HISTORY OF A TRAGEDY
SERHII PLOKHY Allen Lane, 420pp, £20, Oldie price £13.49 inc p&p
‘April 26 1986 was so nearly Europe’s Armageddon,’ Julian Evans wrote in the Telegraph, ‘It was an accident begging to happen.’ ‘This is an ambitious work,’ Roland Elliott Brown wrote in the Spectator; ‘Plokhy’s range, from scene-setting and character-sketching to hard science and political analysis, is near Tolstoyan.’
‘As an author, he is a brilliant interpreter not only of the events themselves but of their longer-term historical significance,’ Viv Groskop added in the Guardian. ‘More importantly, he never loses sight of the human picture.’
The immediate cause of Chernobyl was a turbine test that went wrong, but the disaster was caused by a mixture of factors, mostly attributable to the Soviet system, where ‘you were trained to avoid responsibility and wait for someone else to make a decision’. More pertinently, according to Groskop, all this was ‘against the backdrop of a nuclear system that was being driven to breaking point. With the Soviet economy collapsing, nuclear energy was the only part of it that was thriving and there were rich rewards for anyone who could over-fulfil their quota.’ Plokhy, a Ukrainian, ‘shows how the seeds of disillusion with the Soviet project were sown in Chernobyl, as well as the beginning of the Ukrainian independence movement.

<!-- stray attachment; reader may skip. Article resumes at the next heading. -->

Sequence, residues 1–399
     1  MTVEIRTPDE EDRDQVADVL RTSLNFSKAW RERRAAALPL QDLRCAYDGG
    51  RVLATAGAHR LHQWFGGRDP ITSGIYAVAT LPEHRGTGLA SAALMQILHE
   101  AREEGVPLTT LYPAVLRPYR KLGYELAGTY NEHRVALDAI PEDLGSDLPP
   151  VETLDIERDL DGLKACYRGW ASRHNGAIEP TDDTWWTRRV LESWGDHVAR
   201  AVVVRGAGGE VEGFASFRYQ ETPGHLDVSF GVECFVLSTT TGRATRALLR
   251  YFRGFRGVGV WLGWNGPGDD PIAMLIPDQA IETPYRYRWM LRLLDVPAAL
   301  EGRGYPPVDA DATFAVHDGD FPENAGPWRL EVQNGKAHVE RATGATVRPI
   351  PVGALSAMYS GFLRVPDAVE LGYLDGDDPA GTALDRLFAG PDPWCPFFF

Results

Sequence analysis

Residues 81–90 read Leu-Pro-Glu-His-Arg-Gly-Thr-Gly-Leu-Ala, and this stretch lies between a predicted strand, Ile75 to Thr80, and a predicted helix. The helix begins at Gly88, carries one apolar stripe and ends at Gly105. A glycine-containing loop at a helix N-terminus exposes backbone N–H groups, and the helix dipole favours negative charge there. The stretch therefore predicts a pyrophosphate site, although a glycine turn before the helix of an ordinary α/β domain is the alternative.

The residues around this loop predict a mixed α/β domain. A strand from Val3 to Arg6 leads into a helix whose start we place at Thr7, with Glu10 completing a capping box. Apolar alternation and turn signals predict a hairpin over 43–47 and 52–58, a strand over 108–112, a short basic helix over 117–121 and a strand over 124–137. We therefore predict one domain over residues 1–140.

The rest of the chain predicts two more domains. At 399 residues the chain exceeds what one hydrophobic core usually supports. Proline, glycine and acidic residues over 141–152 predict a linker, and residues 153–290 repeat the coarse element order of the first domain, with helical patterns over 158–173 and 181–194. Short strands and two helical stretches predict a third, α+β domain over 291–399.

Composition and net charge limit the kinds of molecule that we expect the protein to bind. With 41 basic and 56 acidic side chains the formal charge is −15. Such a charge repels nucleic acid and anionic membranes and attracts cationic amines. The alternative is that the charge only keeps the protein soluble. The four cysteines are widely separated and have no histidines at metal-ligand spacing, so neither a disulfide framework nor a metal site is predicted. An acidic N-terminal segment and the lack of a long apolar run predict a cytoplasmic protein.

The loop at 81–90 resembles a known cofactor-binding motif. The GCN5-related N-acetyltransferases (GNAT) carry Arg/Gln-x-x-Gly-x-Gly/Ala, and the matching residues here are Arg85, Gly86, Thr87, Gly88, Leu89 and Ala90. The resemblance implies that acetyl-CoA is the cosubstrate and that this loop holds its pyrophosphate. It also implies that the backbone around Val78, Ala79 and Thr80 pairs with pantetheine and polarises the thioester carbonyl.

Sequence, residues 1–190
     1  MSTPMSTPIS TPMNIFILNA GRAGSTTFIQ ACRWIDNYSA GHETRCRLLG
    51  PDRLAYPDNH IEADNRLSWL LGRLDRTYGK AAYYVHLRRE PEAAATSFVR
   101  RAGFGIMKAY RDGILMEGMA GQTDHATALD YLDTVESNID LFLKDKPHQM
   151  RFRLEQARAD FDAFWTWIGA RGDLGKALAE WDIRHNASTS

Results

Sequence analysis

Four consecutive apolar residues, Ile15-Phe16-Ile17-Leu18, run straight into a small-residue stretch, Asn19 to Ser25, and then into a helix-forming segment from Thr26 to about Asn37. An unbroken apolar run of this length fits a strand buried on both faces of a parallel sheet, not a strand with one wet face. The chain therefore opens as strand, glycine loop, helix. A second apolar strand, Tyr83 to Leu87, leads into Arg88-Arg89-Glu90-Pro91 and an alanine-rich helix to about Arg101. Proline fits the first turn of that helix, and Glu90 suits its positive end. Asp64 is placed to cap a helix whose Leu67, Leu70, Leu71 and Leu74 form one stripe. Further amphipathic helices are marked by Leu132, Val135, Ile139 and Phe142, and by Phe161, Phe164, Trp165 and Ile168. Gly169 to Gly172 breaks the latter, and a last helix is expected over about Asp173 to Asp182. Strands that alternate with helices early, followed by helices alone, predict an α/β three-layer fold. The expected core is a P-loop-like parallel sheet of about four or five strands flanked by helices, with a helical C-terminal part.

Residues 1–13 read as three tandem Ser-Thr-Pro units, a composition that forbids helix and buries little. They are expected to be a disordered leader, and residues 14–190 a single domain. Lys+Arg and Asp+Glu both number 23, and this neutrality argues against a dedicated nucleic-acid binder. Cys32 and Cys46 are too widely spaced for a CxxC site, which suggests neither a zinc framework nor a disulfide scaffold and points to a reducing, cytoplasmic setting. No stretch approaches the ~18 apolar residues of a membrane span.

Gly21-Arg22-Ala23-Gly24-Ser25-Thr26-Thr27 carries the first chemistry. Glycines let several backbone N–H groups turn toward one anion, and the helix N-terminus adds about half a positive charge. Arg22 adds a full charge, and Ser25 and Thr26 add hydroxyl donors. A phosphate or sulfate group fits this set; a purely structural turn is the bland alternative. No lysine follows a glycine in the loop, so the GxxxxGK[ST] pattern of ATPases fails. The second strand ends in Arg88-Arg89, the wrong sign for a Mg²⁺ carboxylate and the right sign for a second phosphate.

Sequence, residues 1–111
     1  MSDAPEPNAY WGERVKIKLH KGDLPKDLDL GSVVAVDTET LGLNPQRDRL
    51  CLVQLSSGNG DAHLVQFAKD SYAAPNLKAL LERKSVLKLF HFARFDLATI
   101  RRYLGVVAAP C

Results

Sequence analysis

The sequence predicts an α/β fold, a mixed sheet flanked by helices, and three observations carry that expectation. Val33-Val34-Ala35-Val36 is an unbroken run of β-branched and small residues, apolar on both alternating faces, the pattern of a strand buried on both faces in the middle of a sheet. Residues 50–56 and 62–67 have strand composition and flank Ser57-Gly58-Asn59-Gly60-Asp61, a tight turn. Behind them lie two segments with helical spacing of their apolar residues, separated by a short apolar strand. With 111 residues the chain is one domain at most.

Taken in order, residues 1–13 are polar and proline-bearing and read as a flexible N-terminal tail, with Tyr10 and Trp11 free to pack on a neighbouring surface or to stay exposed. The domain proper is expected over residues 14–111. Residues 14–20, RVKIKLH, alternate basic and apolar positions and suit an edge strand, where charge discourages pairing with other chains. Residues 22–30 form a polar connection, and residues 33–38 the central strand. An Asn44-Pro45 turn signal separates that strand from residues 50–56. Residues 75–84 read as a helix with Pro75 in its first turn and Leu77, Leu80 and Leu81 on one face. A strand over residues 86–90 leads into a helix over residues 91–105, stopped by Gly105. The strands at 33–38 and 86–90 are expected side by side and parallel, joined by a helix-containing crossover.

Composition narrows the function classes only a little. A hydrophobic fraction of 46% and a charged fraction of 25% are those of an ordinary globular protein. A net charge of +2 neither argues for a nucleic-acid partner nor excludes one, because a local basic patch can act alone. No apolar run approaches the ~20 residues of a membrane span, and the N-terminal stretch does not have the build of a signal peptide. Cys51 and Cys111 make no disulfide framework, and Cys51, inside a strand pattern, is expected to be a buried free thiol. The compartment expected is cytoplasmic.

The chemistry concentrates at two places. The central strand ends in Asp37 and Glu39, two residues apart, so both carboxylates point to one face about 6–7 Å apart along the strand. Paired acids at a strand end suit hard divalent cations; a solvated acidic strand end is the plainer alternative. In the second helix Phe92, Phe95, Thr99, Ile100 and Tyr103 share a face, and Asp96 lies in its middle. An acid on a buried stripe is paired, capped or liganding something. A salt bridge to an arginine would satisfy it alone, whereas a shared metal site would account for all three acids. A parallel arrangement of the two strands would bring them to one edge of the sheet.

‘It’s also a story of heartbreaking, reckless bravery, of the thousands of firemen, police officers, doctors and military personnel... who risked their lives and health in the weeks, months and years afterwards to investigate and clean up a site in conditions that were virtually hopeless.’
‘This history reads like an academic thriller,’ Groskop concluded, ‘As moving as it is painstakingly researched, this book is a tour de force and a cracking read.’
The Chernobyl exclusion zone is beginning to be reclaimed by plants and animals